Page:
The new era of perishable luxury

Apple has finally introduced the only $10,000 watch that won’t last you the day, but the catch is neither in the evanescent battery life, nor in the steep price alone.

The salient point is the idea of an ephemeral technological gizmo sold as a luxury item.

Up until this day, luxury implied an element of timeliness: prestigious watches, finely crafted jewellery and vintage cars lasted decades, and would commonly be passed from generation to generation.

The life expectancy of technology items, however, can be counted on the fingers of a single hand. An iPhone is not much use after two or three years, its programmed obsolescence materialising in the shape of an inaccessible software upgrade.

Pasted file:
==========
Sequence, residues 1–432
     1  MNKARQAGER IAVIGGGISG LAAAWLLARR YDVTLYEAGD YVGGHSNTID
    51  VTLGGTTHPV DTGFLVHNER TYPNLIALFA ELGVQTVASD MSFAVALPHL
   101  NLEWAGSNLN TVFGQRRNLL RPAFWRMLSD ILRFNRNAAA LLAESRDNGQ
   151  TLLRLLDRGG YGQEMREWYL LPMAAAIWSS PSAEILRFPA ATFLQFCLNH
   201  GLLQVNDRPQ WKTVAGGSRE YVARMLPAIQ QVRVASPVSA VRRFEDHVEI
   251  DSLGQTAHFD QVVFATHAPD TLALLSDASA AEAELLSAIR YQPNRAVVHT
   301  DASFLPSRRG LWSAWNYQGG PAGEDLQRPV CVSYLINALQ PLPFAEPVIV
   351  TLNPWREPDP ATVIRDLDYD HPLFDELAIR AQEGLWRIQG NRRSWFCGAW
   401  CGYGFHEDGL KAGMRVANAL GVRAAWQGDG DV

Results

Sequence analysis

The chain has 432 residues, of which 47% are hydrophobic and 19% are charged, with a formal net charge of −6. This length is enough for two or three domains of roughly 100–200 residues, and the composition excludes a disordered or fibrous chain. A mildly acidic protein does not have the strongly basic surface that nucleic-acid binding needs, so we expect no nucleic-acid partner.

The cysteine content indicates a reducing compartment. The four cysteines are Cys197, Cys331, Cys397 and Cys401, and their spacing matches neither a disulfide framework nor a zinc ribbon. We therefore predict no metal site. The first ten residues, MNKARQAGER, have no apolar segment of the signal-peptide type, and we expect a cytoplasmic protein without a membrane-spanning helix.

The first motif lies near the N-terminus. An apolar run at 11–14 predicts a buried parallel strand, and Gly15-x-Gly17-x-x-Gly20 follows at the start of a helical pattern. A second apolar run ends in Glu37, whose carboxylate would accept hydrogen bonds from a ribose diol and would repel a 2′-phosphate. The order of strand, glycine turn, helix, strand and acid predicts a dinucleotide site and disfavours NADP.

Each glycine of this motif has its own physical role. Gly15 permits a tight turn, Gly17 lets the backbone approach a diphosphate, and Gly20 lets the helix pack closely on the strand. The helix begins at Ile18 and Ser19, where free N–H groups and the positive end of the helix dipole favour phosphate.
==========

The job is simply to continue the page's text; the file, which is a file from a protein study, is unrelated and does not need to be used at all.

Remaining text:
Previously, luxury watches were not mere design jewels, but also feats of technology in terms of miniaturisation, precision and durability.

Today, the first two have been completely commoditised. The top of the range golden Apple Watch is no smaller, no more precise and in fact no more featureful than the cheapest model. As for durability, no amount of gold will expand its dramatically short built-in expiry.

There is no leap in technology across models to justify the prestige. All that remains is an empty statement of wealth, a shiny frame enclosing the same mass-produced core as the most vulgar aluminium model, and the symbol of a new era of perishable luxury.

More than ever before, Apple’s talent lies in making people fetishise smart phones and watches that are no longer objects in the classical sense, but transient supports for a fast-evolving technology that has detached itself from the physical world.